“What makes them especially interesting now is that the loans they hold are mostly floating rate, which means BDCs could earn more as rates rise. While Federal Reserve officials continue to rattle sabers about hiking the federal-funds rate this year, other short-term rates are already rising. Most loans are pegged to the London interbank offered rate, which, at 0.85%, is up from 0.32% a year ago. Libor needs to rise above a preset floor, usually 1%, for the floating-rate feature of most loans to kick in, but it’s getting close,” reports Amey Stone for Barron’s.

SEE MORE: Making Sense of Acquired Fund Fees in BDC ETFs

BDCs are also seen as sensitive to higher interest rates, but that situation may be overstated as well. Since the debt is typically senior secured and set to float with interest rate benchmarks, there is diminished rate risk. When the Fed raises rates, BDC loan interest rates pegged to the London Interbank Offered Rate, or LIBOR, will also rise.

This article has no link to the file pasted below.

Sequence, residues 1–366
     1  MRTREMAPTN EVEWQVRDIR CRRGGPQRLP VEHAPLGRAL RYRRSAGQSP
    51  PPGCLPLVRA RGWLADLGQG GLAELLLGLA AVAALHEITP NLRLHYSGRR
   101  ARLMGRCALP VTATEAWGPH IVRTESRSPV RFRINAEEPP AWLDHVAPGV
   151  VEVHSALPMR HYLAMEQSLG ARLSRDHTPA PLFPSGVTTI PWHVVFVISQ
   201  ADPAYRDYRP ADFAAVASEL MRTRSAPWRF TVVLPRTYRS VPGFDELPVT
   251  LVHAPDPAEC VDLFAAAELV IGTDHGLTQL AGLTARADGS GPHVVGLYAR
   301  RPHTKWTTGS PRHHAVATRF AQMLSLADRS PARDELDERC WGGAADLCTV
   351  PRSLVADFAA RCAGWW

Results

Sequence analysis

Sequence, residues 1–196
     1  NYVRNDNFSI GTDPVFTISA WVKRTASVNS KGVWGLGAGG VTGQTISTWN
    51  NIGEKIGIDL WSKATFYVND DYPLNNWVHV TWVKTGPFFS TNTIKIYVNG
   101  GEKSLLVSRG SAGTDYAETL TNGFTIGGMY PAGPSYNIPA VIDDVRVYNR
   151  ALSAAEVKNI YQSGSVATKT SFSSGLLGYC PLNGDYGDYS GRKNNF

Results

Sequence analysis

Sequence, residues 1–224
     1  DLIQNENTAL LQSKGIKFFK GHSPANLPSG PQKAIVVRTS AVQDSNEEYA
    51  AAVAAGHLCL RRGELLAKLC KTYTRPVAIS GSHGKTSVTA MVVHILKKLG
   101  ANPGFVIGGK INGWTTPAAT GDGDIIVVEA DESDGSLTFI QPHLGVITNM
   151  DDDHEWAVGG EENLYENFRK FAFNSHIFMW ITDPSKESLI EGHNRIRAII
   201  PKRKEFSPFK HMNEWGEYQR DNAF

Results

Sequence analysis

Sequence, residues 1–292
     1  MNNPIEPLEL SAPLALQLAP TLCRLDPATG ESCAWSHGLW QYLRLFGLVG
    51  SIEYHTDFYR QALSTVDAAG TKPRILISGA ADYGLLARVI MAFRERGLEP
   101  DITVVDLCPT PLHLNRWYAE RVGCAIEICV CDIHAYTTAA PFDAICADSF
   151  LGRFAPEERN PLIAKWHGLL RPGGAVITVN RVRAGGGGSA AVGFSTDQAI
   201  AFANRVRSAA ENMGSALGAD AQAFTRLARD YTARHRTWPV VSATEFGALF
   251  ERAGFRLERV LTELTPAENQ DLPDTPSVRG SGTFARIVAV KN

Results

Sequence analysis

Additionally, since the debt is typically senior secured and set to float with interest rate benchmarks, there is diminished rate risk. Since the debt is typically senior secured and set to float with interest rate benchmarks, there is diminished rate risk. When the Fed raises rates, BDC loan interest rates pegged to the London Interbank Offered Rate, or LIBOR, will also rise.

“BDCs have attributes similar to the bank-loan funds covered in this column last week. But BDCs employ leverage equal to about 70% of their assets, which boosts income—and risk. Closed-end floating-rate funds are similar to BDCs, but those funds use leverage up to only about 40% of assets,” according to Barron’s.

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